Getting Lost in the Cloud: Privacy and Cloud Computing

By Bryant Duhon posted 01-28-2014 16:41

  

Join Else Khoury in Orlando for AIIM 2014 for a conversation about the Cloud and privacy. Although cloud computing presents a compelling business case for companies looking to reduce spending, streamline processes, and increase accessibility, the very idea of trans-border data flows raises the hackles of privacy advocates all over the globe. In Canada, government and members of the public have expressed serious concern over the potential misuse of personal information gone offshore. Join Else for an overview of those concerns and what they might mean for your organization.

Else Khoury, speaking on the cloud and privacy at AIIM14Else Khoury is the Manager of Information Management Services and the Freedom of Information and Privacy Coordinator for Niagara Region, an upper-tier municipal government body which serves a population of 440,000 in Ontario, Canada. Else is in the unenviable position of managing privacy issues for approximately 3,000 staff, many of whom believe that “the cloud” is the best thing since chocolate dipped bacon. Else is responsible for developing policy, training, and compliance on FOI, Privacy, and Information Management, which she accomplishes with the help of an incredibly dedicated team and a healthy dose of ridiculous idealism.

The dawn of cloud technology has brought with it unprecedented opportunities to address Register for AIIM 2014 #AIIM14issues which in the past have limited productivity, economy, and efficiency. The resulting ability to collaborate and share information regardless of geographic boundaries or the confines of technical infrastructures has resulted in the opening up of creative and collaborative processes.

But with these benefits come questions: Where is my information going? How is it getting there? Who has access to it?

Following the events of 9/11, the enactment of invasive and restrictive laws like the USA Patriot ACT and the Canadian Anti-Terrorism Act opened up a whole host of new questions: Who has access to my information and what will it be used for without my ever knowing?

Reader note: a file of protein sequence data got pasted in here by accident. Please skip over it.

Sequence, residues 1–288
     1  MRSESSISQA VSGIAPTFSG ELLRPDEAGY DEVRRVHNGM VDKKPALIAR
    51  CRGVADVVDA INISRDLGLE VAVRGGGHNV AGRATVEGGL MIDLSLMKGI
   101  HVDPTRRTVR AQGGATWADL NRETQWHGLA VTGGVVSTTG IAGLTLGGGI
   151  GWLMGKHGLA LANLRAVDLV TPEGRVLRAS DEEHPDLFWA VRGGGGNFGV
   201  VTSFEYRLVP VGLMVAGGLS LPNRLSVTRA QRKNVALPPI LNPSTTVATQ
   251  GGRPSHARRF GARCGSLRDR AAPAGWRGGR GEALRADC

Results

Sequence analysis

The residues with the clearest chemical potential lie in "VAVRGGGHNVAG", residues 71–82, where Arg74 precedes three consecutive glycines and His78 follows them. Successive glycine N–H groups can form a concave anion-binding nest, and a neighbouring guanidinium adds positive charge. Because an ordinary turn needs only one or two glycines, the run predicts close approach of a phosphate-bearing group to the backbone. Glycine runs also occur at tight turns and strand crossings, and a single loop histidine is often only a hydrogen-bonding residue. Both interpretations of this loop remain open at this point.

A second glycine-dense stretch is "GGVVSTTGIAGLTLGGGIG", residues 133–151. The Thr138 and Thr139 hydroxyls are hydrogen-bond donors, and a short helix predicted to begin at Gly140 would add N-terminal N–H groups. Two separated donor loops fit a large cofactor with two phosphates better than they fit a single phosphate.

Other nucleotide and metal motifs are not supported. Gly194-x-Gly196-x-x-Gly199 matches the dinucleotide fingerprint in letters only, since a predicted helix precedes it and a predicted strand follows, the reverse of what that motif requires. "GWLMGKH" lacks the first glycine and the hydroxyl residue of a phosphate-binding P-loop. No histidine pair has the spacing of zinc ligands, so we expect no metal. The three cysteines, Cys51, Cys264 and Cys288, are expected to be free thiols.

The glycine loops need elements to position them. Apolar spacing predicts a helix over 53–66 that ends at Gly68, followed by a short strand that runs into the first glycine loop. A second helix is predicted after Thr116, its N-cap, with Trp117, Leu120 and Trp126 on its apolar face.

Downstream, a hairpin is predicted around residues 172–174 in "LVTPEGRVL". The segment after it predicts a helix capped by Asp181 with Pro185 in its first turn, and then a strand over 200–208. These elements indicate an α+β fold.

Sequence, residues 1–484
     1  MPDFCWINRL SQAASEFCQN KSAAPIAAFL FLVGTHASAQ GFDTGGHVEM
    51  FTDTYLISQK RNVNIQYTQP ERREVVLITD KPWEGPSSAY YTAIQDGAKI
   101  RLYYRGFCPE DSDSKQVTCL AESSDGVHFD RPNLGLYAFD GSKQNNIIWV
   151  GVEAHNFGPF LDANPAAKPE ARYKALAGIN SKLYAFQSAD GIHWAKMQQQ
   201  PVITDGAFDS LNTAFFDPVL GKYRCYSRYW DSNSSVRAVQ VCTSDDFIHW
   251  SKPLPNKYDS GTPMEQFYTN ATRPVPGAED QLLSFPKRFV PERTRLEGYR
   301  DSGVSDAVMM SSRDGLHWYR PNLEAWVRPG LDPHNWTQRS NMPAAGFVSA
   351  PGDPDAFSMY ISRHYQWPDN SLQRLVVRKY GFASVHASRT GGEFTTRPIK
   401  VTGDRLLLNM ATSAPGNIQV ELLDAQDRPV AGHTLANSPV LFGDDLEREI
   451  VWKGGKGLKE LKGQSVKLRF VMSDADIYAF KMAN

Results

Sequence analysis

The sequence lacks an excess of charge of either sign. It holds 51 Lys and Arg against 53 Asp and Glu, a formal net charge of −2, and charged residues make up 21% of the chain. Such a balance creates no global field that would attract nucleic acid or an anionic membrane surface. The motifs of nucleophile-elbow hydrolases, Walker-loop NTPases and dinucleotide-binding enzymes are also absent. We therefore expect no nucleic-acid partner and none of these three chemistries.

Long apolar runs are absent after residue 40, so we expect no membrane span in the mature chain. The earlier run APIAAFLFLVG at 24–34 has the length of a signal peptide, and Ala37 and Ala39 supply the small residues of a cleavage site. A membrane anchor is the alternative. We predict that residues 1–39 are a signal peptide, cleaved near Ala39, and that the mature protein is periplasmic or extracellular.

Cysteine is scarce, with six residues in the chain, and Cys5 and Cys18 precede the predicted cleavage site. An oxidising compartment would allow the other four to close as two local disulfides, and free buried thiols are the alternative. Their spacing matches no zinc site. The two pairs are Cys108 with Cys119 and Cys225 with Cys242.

While it is true that the ability to share data for security purposes across borders existed long before the Patriot Act was put into place, the recent exposure of the National Security Association’s international surveillance activities has brought these concerns into sharper focus.

In Canada, privacy law exists at the federal, provincial, and municipal levels, and applies to both the public and private sector.  Each law is monitored and overseen by a Privacy Commissioner, who in most cases has the power to investigate and order actions when an impropriety has occurred. Many Commissioners are highly visible public figures with the ability to shine a spotlight on an institution’s privacy-related transgressions, with the damaging result of a sudden and dramatic loss of public trust in the institution in question.

Across the country, Privacy Commissioners have taken different positions on cross-border information transfer and the Cloud in general. While most have recommended a cautious and considered approach, some have gone so far as to prohibit the off-shore transfer of personal and personal health information.

With these restrictions in mind, how’s a global cloud service provider to compete? And as a consumer, what questions should you be asking before jumping into the Cloud?

For service providers, the answer is simple: do your research so that you will be able to placate the doubts of potential clients, especially those in the public sector. Considering various legislative requirements ahead of time is essentially the first step of Privacy by Design, a concept developed by the Information and Privacy Commissioner of Ontario. Ensuring that the principals of privacy protection are embedded into each cloud solution and/or contract will go a long way to addressing the concerns government organizations and individuals may have.

For consumers and users, think about:

·      Who is collecting your information?

·      What are they collecting?

·      Where is it going to be held/moved/stored?

·      How will your information be protected?

·      When will it be destroyed?

·      Why does the service provided need this information?

And yes, this means actually committing to reading those terms before you click “I agree”. If you have any discomfort with the answers that you receive to these questions (or if you don’t receive answers at all), consider whether the service you are considering engaging in is worth the potential risk to your own (or your clients’) privacy.

The Cloud represents the solution to many modern information-based problems. Ensuring that privacy has been factored in to the provision of cloud services is the right thing to do, for ourselves and for business.



#privacy #AIIM2014 #cloud #AIIM14
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